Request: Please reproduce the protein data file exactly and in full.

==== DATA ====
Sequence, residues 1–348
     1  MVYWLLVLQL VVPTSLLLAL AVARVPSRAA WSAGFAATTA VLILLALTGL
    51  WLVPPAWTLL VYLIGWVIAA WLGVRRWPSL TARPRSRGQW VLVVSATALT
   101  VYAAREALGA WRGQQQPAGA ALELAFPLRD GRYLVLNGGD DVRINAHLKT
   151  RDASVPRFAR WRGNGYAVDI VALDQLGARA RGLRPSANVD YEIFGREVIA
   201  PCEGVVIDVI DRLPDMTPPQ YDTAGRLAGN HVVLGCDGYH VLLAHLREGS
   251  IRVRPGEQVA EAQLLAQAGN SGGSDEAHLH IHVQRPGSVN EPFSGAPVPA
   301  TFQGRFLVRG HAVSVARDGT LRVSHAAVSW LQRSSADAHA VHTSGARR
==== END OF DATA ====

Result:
Sequence, residues 1–348
     1  MVYWLLVLQL VVPTSLLLAL AVARVPSRAA WSAGFAATTA VLILLALTGL
    51  WLVPPAWTLL VYLIGWVIAA WLGVRRWPSL TARPRSRGQW VLVVSATALT
   101  VYAAREALGA WRGQQQPAGA ALELAFPLRD GRYLVLNGGD DVRINAHLKT
   151  RDASVPRFAR WRGNGYAVDI VALDQLGARA RGLRPSANVD YEIFGREVIA
   201  PCEGVVIDVI DRLPDMTPPQ YDTAGRLAGN HVVLGCDGYH VLLAHLREGS
   251  IRVRPGEQVA EAQLLAQAGN SGGSDEAHLH IHVQRPGSVN EPFSGAPVPA
   301  TFQGRFLVRG HAVSVARDGT LRVSHAAVSW LQRSSADAHA VHTSGARR